Going to Switzerland in 2 days. What to expect?

We're going to Geneve for 10 days. My first and most pressing concern is my pump. I'm currently using the sensor. What's the airport security like there? I've got a little card from my hospital bearing its logo and saying I'm diabetic and need my pump at all times. Now I've been through security in three different airports (Riyadh, Manchester, Dubai and London) with my pump but I've noticed that their policies and regulations vary a great deal. Never with a minilink on. My BG is usually under control- what with all the moving around- when I travel and is never a concern. What sets me off is supplies and such. I tend to be forgetful so you understand my anxiety when I post a thread every time I plan on traveling :* I once lost my pen novofine needles in Manchester. When I went to the nearest boots they said I needed a prescription -Fortunately, I relocated the missing box- Is it like that in Switzerland? Do I need a travel insurance? What if something goes wrong with my pump?

I'd also love it if anyone could supply some useful phrases in French and German( both I understand are widely used where we plan on going) such as I'm diabetic and this is an insulin pump and that kind of stuff.

Thanks and sorry if this is too repetitive. I googled-most of what I found was outdated- but I'd like to hear from you guys.

When I travel abroad ...I include crossing the border from Canada into the US and flying to exotic places...could be Amsterdam :) , I order a travel loaner pump from Medtronic ...the question for me is : have you given yourself enough preparation time to order a travel loaner pump ?? Minilink ( GCMS ) is supposed to be turn off , while flying , as read on page Introduction 7 of Paradigm Veo MiniMed User Guide .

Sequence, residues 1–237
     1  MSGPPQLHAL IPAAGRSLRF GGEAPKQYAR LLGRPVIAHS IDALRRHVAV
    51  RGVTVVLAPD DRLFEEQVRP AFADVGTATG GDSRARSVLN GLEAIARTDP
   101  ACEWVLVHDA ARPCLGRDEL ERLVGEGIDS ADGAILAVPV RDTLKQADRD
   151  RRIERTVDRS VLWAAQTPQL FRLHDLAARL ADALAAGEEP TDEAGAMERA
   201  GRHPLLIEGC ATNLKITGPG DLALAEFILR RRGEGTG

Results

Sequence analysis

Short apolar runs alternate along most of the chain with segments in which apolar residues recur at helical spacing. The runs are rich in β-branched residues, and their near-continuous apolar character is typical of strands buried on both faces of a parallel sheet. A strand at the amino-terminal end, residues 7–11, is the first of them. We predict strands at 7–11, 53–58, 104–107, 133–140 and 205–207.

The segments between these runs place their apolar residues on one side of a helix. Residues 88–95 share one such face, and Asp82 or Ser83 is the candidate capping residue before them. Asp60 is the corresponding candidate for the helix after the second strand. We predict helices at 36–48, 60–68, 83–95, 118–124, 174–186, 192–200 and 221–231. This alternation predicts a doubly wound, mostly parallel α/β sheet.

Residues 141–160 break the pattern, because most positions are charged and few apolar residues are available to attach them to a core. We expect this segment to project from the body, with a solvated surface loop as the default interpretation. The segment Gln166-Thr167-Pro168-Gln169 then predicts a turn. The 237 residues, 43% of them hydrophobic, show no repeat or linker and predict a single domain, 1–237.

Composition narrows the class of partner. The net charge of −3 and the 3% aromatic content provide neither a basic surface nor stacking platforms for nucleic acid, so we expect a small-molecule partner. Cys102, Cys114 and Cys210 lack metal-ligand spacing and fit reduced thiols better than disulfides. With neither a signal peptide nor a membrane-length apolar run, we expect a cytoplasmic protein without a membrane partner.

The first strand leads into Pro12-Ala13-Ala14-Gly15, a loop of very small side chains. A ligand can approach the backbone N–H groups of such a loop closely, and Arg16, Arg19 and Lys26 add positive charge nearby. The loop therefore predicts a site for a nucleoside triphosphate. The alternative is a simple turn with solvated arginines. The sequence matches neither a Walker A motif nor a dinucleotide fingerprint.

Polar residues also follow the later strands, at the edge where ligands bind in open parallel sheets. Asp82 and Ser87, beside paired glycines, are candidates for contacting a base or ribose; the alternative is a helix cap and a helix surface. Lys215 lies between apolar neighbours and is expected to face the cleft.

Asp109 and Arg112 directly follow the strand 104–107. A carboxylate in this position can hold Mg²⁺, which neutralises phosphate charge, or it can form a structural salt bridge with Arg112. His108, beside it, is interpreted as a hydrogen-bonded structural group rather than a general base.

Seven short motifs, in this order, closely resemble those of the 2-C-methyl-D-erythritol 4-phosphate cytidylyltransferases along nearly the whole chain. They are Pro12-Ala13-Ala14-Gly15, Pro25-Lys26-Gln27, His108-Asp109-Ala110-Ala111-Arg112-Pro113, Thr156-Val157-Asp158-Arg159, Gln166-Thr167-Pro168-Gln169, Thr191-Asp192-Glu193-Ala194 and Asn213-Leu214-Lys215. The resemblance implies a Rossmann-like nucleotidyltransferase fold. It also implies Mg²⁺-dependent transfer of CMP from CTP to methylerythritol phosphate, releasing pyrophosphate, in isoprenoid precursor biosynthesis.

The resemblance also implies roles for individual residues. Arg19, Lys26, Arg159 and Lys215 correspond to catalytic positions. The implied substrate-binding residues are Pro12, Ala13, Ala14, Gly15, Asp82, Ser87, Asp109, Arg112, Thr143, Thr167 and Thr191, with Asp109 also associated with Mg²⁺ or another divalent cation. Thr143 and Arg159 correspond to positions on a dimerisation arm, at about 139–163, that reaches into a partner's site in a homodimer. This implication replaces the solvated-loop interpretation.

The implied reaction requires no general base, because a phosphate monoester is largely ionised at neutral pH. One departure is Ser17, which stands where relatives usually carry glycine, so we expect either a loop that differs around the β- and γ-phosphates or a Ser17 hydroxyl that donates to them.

...I always have taken out Travel Insurance ; had to use it several times : in Greece, Hawaii , Bali ...so never had any regrets .
Have fun ...Switzerland is fantastic !!

I neglected to mention ...we had booked a trip to Hawaii 6 plus years ago ...another good thing we had cancellation insurance ...I broke my wrist and required surgery and was in a cast for 6 weeks ...Surgeon suggested not to travel ...the insurance covered our trip expense and what ever else was involved.

Medtronic has a good travel list on their web sight..pretty through

As far as airport security...just go with the plan...a sense of humor works best

Geneva will be easy just speak English...;-)

#1 German = Kann ich ein Bier bitte haben?...I will have a beer

2# German = Wo ist die Toilette, bitte?...where is the toilet

#1French = Puis-je avoir de la bière, s'il vous plaît ?....I will have a beer

2# French = pardon, où sont les toilettes?...where is the toilet..

Just kidding...I have no idea what phrases would be important to you....

I envy you ...Geneva will be beautiful

Thats very reassuring. I could almost see myself gesticulating that first and I realized I don’t have a sign for diabetes :smiley:
Thank you all. I’ll look up that list. And we’ll Probably try to hop on a train and visit some of the neighboring places.

1. Yes, you should get travel insurance (just in case).

2. Regarding airport security - NEVER wear your pump through one of the body-scanners. You can go through a standard metal detector but that's it. NEVER remove your pump and place it through the x-ray machine. If you run into resistance, ask for a supervisor. You should opt for the pat down while keeping your pump on you at all times. DO NOT DISCONNECT because there is the small chance that you could become separated from your pump. Get the pat down and make sure that if you have a spare pump with you, that too gets hand-screened.

3. In terms of keeping track of your stuff, this is what I do. I keep enough D supplies (infusion sets, prep pads, insulin, reservoirs, etc) on me at all times to get through the trip. Then I pack some extra in each of my pieces of luggage. When you go out, always make sure to leave some of your supplies behind. Stay organized!! When I travel, I keep all my "stuff" in the same location wherever I stay (i.e., I don't spread my possessions all over the room I'm staying in, but keep everything together when I'm in my room to ensure that I don't forget anything when I leave for my next location). While Switzerland has very low rates of crime, still make sure to always keep your stuff in a safe location and never, ever take your eyes off your purse/day bag when out in public. Tourists are always an easy target.

4. I don't know how things are where you are, but here in the U.S., Minimed offers a free loaner program when you travel abroad. I just used it and it was fantastic. I got a loaner pump for $50 that I could keep for several months while traveling. While I know I could always do shots in an emergency, it was SO NICE to have that extra pump with me.